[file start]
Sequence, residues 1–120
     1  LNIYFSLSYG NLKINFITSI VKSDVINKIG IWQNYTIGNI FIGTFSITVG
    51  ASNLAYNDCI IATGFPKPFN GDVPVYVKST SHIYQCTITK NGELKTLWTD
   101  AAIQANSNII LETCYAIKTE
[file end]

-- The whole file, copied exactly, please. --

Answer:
Sequence, residues 1–120
     1  LNIYFSLSYG NLKINFITSI VKSDVINKIG IWQNYTIGNI FIGTFSITVG
    51  ASNLAYNDCI IATGFPKPFN GDVPVYVKST SHIYQCTITK NGELKTLWTD
   101  AAIQANSNII LETCYAIKTE